Society

UNICEF Blog: Pick-Ni Cherry artist takes on dark secret of child sexual abuse

pick ni cherry kerron clarke unicef

Just published an interview I did with young author-illustrator-artist Kerron Clarke on the UNICEF Jamaica blog, about her illustrated novel Pick-Ni Cherry. The as-yet-unpublished novel is Kerron’s very personal attempt to warn children, families and society about sexual abuse happening within the home.

Herself a survivor of abuse, Kerron tells the story in a child’s voice, attempting to put us in the shoes of the most vulnerable and abused members of society. More than 1 in 5 Jamaican girls report forced sex. In many cases, the perpetrators aren’t strangers lurking in the dark. They are family members who are trusted and unsuspected.

Read the full interview here.

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Society

How in Jamaica do you leave a gang?

kingston jamaica automatic weapons gangs

A gang member here in Kingston. Photo: Peter Dean Rickards

Someone asked that question the other day. Yet if the crime rate is held by many as our biggest problem in Jamaica and gangs being a major factor then it makes sense that as a country we have a national push to get young people out of gangs. But can we name any such programme or initiative? Me, I scratched my head, as did others I asked in turn.

So in other words if a young gang member asked you, politely of course, ‘Help me get out!’ you wouldn’t know where to direct him or maybe her. Of course, there are places that could help in some way like skills training with Heart Trust NTA and, of course, organisations that deal with gangs in some way as part of a wider remit. But nothing that specifically addresses the personal dilemma as a gang member of being unable to remove oneself from a situation equally dangerous both for you and for others. Continue reading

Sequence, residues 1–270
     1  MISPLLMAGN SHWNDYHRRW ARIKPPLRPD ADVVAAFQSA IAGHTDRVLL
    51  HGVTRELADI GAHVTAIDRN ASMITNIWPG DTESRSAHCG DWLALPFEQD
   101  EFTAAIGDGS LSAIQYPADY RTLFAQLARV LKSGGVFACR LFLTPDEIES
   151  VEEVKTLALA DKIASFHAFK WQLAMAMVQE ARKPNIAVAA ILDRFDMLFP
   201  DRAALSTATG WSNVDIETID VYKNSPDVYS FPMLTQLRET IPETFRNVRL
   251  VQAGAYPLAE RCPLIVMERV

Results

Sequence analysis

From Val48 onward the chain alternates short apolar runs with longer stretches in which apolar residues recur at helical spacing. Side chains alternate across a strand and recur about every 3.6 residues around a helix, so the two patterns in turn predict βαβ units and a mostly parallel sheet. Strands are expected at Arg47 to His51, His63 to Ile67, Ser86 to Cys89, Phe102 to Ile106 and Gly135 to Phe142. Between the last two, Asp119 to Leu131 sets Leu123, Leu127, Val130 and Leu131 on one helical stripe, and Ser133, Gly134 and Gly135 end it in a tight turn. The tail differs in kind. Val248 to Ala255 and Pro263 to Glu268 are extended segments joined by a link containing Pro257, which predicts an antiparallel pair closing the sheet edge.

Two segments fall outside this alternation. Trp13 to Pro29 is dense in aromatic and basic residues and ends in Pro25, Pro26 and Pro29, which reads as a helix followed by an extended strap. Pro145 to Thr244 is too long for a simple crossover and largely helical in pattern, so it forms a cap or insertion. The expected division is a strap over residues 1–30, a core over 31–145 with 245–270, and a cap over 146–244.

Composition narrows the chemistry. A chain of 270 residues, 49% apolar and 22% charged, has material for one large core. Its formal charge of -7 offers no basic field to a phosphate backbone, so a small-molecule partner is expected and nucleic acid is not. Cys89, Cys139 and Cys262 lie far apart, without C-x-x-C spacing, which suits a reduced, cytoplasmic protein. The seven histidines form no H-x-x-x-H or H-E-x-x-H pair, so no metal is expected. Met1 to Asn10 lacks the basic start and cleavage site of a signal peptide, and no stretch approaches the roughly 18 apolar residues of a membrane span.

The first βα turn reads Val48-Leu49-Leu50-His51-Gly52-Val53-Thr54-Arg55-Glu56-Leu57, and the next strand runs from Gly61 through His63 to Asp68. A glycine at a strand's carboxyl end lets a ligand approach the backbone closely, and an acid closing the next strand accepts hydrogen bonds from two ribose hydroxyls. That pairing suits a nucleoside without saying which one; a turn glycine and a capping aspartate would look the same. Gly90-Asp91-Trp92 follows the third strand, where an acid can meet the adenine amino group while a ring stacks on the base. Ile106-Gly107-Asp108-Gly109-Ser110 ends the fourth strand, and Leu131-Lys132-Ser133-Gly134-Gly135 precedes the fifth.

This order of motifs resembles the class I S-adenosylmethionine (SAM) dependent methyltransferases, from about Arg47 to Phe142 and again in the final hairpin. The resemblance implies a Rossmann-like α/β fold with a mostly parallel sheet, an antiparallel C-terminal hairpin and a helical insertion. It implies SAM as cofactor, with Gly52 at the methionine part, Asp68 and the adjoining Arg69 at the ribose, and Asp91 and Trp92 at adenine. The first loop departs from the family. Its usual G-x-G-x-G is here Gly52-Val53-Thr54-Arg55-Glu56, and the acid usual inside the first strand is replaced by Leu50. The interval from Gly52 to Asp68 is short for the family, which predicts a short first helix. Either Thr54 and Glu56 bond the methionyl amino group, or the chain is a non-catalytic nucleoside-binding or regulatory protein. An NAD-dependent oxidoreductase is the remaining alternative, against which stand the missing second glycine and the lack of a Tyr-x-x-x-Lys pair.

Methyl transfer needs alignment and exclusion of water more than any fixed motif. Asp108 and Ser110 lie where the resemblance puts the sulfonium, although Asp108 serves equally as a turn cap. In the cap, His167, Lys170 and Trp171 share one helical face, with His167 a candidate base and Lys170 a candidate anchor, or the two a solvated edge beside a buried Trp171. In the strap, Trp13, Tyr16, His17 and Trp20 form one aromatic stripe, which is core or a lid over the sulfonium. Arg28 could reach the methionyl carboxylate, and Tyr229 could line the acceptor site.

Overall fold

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Society

Two articles I wrote in today’s Sunday Gleaner

The Gleaner today published the final two articles I wrote as part of my work for the World Bank NextGENDERation violence prevention project: successful but underresourced work the Jamaica Constabulary Force is doing to tackle domestic and gender-based violence; and a youth advocate speaking about the merits of using peer counselling to reach those most susceptible to violence.

  • Cops Fighting Abuse – Police Training Communities To Tackle Gender-Based And Domestic Violence
  • Unleash Our Potential – Youth Advocate
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    Society

    What would Jesus do? Street Pastors get the congregation onto the street

    operation save jamaica street pastors

    Photos: deanclarkephotography.com

    Weekly thousands of Jamaicans go to church, often to escape the harsh realities of their communities, but what if they instead devoted that time to social work? That’s the idea behind Street Pastors, an initiative which founded in Jamaica become a runaway success in the UK, but is only now gaining sufficient support locally.

    It’s not about evangelising but instead functioning as auxiliary social services: whether it be offering counselling to a potential suicide victim or as an intermediary for police to broker gang truces. Published in today’s Sunday Gleaner is my interview with members of Street Pastors’ Jamaica and UK teams, done as part of my work for The World Bank NextGENDERation project.

    The genesis of Street Pastors was the realisation that preaching to the converted was unlikely to have any direct impact on the youths outside that space.

    A common criticism of churches and their congregations is that they’re turning their back on the reality outside their doors, building megachurches to hide inside. Some years ago the JDF mapped murder hotspots and found that they were often close to churches – proof in a way that for residents in poor communities the church space functions in a similar role to that of a rum bar, just more spiritual than spirits.

    Not a churchgoer myself, though my family are, I respect people’s faith yet can’t help wondering that were Jesus around today he would be investing his energies out on the road, where his message and actions would be needed most, rather than in the house of God. Maybe as a Christian you agree, so why not volunteer? Click here to contact Street Pastors/Operation Save Jamaica.

    operation save jamaica street pastors

    operation save jamaica street pastors

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